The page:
|Birth||19 November 1887, Kulmbach, Germany|
|Death||5 May 1972, Ziegelhausen, Germany (aged 84 years)|
Christian Schneider (19 November 1887 – 5 May 1972) was a German chemist, industrial manager and, in the Third Reich, a Wehrwirtschaftsführer (war economy leader).
The son of August Schneider, an electrician, and his wife, Babette Weiss, Schneider studied chemistry at the University of Erlangen-Nuremberg, completing his doctorate in 1911. He began working with Alwin Mittasch at the nitrogen laboratory at BASF in 1912 and remained in this role until joining the German Imperial Army in 1914, being injured during the conflict.
Career at IG Farben
Schneider became Carl Krauch's assistant at the IG Farben plant in Leuna in 1919 and soon rose through the corporate ranks. He was appointed an authorised signatory in 1921, a director two years later and became deputy manager of the Ammoniakwerke Merseburg plant in 1924. By 1928 he had been named an alternate member of IG Farben's managing board and was made plant manager at Merseburg in 1936.
Under the Nazis
Soon after Adolf Hitler came to power Schneider sought to underline his commitment to Nazism by becoming a sponsoring member of the Schutzstaffel. He held the rank of honorary Standartenführer within the organisation and developed a number of close contacts in the office of the Reichsführer-SS Heinrich Himmler. He joined the Nazi Party proper in 1937 and also became involved in the counter-intelligence work of the Abwehr when he was made Hauptabwehrbeauftragter (head of security officers) for "Liaison Office W" (or Wehrmacht at IG Farben's headquarters in Berlin that same year). His career growth continued when he was appointed the head of Product Division I (which controlled IG Farben's mining, oil and nitrogen concern) in succession to Krauch, a post which brought with it full membership of the board. He became chief of plant managers in 1939, a role which also gave him responsibility for the slave labourers who worked on behalf of IG Farben at Auschwitz. He was made chief of counter-intelligence at IG Farben in 1940 and a Wehrwirtschaftsführer in 1941. According to Diarmuid Jeffreys, Schneider was made aware of the Holocaust in early 1943 when Walter Dürrfeld told him during a visit to Buna Werke in early 1943.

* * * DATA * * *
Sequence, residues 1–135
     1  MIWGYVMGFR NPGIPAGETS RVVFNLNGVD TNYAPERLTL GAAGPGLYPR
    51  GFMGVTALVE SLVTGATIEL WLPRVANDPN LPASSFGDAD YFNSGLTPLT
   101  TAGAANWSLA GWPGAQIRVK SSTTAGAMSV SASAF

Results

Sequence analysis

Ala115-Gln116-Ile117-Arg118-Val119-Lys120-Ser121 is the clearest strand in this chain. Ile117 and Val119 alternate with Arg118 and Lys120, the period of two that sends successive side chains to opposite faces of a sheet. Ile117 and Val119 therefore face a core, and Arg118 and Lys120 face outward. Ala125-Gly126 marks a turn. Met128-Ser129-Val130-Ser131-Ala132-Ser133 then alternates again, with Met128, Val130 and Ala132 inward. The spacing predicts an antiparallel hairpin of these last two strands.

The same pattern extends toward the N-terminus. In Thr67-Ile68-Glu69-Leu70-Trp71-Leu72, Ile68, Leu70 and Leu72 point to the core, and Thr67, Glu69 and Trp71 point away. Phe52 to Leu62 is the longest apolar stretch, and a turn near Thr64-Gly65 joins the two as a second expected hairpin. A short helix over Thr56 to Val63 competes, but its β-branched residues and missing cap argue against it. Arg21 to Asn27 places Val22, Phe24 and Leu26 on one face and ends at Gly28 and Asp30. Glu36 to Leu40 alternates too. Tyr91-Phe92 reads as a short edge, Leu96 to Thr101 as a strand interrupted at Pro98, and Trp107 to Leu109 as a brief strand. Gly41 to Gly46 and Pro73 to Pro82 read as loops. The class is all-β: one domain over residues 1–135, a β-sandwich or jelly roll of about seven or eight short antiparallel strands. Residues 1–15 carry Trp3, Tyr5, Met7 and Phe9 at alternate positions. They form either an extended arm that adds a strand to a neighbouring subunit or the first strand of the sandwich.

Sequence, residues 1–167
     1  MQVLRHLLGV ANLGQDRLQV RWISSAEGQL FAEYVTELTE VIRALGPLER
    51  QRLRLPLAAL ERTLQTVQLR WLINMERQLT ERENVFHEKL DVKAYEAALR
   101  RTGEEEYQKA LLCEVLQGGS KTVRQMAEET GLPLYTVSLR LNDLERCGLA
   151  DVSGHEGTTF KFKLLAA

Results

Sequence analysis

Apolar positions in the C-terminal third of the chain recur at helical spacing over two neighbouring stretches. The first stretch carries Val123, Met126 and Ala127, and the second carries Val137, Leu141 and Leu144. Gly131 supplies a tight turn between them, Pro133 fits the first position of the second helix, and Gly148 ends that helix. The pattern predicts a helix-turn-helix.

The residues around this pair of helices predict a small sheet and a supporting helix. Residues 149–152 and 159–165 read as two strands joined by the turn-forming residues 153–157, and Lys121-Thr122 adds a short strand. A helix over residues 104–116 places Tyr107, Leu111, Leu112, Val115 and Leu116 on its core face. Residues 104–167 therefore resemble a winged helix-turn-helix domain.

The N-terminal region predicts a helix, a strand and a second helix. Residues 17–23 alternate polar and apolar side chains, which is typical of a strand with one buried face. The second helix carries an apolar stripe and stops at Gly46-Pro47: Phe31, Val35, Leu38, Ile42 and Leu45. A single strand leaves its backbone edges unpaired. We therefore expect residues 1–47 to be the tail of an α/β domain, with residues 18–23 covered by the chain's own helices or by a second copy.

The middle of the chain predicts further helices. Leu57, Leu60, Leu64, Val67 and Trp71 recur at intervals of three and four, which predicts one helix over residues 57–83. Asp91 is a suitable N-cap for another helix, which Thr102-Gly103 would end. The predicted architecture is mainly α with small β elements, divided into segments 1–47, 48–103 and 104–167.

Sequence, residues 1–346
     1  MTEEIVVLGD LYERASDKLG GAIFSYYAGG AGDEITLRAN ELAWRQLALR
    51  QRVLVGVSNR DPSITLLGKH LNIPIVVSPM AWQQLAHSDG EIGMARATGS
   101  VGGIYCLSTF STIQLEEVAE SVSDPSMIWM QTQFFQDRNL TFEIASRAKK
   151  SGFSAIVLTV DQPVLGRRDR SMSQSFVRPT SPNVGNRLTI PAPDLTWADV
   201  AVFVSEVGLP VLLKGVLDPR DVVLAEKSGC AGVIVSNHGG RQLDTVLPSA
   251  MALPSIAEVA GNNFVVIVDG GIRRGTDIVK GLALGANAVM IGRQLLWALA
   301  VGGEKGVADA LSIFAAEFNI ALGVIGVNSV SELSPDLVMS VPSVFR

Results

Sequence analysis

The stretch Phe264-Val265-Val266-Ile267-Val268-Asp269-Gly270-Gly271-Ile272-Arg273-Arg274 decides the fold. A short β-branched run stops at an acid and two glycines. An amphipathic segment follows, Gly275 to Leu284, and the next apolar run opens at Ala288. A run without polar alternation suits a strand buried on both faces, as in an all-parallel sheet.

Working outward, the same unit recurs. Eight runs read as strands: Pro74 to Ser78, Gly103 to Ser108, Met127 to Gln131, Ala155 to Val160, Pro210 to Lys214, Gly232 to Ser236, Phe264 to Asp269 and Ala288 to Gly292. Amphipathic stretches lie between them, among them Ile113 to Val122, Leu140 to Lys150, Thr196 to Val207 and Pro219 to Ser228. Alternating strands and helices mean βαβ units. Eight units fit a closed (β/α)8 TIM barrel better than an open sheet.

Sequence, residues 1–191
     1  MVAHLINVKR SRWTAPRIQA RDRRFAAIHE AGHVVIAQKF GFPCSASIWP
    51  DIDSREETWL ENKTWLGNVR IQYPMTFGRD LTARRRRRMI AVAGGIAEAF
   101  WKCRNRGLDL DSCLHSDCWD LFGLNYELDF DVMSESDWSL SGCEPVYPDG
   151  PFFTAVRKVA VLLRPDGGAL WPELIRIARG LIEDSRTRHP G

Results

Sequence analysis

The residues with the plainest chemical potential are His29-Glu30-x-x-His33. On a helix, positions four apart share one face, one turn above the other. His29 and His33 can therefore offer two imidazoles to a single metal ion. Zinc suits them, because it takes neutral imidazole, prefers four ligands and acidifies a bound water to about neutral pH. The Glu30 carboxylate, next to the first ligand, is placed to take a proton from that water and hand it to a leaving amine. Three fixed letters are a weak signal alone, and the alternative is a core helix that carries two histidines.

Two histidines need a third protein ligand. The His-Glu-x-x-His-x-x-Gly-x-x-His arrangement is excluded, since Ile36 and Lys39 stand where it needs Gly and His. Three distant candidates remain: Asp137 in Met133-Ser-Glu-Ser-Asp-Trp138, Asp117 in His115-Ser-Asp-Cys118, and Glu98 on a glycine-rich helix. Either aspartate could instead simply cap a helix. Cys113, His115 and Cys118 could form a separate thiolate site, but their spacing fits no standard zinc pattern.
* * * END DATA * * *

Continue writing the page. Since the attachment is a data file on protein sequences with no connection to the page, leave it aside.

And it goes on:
Brought to trial for plunder, slavery and SS membership at the IG Farben trial, Schneider was acquitted on all counts. After his acquittal, he took roles at the Süddeutsche Kalkstickstoff-Werke AG Trostberg and Rheinauer Holzhydrolyse-GmbH, Mannheim. During his life Schneider was twice married, to Frieda Butzengeiger and Hedwig Breidenbach, and fathered four children.